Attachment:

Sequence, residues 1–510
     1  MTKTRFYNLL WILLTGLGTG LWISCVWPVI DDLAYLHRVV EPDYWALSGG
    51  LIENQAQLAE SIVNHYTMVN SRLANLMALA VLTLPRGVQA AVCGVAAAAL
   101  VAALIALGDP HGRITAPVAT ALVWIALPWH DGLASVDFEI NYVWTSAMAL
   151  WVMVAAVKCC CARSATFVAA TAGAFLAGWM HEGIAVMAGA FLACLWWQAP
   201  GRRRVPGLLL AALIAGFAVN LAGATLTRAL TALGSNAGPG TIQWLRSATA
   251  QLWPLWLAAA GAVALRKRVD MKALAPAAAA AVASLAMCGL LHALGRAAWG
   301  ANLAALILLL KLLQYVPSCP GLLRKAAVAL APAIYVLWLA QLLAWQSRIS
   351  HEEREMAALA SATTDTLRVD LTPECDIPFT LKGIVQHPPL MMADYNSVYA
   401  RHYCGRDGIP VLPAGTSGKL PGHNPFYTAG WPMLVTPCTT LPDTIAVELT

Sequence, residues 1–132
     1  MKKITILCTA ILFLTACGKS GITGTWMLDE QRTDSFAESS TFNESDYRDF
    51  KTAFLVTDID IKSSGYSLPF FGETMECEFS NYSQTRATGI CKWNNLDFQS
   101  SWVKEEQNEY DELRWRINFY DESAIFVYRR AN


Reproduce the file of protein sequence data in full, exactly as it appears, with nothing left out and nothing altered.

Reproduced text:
Sequence, residues 1–510
     1  MTKTRFYNLL WILLTGLGTG LWISCVWPVI DDLAYLHRVV EPDYWALSGG
    51  LIENQAQLAE SIVNHYTMVN SRLANLMALA VLTLPRGVQA AVCGVAAAAL
   101  VAALIALGDP HGRITAPVAT ALVWIALPWH DGLASVDFEI NYVWTSAMAL
   151  WVMVAAVKCC CARSATFVAA TAGAFLAGWM HEGIAVMAGA FLACLWWQAP
   201  GRRRVPGLLL AALIAGFAVN LAGATLTRAL TALGSNAGPG TIQWLRSATA
   251  QLWPLWLAAA GAVALRKRVD MKALAPAAAA AVASLAMCGL LHALGRAAWG
   301  ANLAALILLL KLLQYVPSCP GLLRKAAVAL APAIYVLWLA QLLAWQSRIS
   351  HEEREMAALA SATTDTLRVD LTPECDIPFT LKGIVQHPPL MMADYNSVYA
   401  RHYCGRDGIP VLPAGTSGKL PGHNPFYTAG WPMLVTPCTT LPDTIAVELT

Sequence, residues 1–132
     1  MKKITILCTA ILFLTACGKS GITGTWMLDE QRTDSFAESS TFNESDYRDF
    51  KTAFLVTDID IKSSGYSLPF FGETMECEFS NYSQTRATGI CKWNNLDFQS
   101  SWVKEEQNEY DELRWRINFY DESAIFVYRR AN